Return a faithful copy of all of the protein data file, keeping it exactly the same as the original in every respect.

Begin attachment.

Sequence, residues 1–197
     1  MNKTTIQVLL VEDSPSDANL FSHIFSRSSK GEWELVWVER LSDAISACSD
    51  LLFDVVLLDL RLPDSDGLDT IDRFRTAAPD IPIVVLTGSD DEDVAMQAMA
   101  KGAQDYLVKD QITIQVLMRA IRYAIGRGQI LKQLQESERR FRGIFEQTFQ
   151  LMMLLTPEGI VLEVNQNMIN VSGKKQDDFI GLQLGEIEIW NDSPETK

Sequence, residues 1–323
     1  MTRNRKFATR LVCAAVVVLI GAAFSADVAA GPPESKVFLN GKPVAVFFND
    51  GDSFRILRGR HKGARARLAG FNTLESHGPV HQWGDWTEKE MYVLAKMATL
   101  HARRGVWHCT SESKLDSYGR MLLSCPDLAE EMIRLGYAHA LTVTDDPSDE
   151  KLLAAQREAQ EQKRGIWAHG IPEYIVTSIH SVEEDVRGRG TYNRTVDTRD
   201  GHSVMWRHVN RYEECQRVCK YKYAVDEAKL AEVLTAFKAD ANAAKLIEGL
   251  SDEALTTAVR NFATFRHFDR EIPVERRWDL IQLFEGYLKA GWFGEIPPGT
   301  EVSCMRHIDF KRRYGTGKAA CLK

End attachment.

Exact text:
Sequence, residues 1–197
     1  MNKTTIQVLL VEDSPSDANL FSHIFSRSSK GEWELVWVER LSDAISACSD
    51  LLFDVVLLDL RLPDSDGLDT IDRFRTAAPD IPIVVLTGSD DEDVAMQAMA
   101  KGAQDYLVKD QITIQVLMRA IRYAIGRGQI LKQLQESERR FRGIFEQTFQ
   151  LMMLLTPEGI VLEVNQNMIN VSGKKQDDFI GLQLGEIEIW NDSPETK

Sequence, residues 1–323
     1  MTRNRKFATR LVCAAVVVLI GAAFSADVAA GPPESKVFLN GKPVAVFFND
    51  GDSFRILRGR HKGARARLAG FNTLESHGPV HQWGDWTEKE MYVLAKMATL
   101  HARRGVWHCT SESKLDSYGR MLLSCPDLAE EMIRLGYAHA LTVTDDPSDE
   151  KLLAAQREAQ EQKRGIWAHG IPEYIVTSIH SVEEDVRGRG TYNRTVDTRD
   201  GHSVMWRHVN RYEECQRVCK YKYAVDEAKL AEVLTAFKAD ANAAKLIEGL
   251  SDEALTTAVR NFATFRHFDR EIPVERRWDL IQLFEGYLKA GWFGEIPPGT
   301  EVSCMRHIDF KRRYGTGKAA CLK